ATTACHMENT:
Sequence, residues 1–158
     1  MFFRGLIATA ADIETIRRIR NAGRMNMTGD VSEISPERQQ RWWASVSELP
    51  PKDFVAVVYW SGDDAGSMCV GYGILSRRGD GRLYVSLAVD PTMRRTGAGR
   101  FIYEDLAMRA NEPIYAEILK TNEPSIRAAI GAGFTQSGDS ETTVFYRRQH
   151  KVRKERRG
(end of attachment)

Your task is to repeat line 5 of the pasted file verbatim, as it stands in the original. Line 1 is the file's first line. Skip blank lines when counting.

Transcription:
   151  KVRKERRG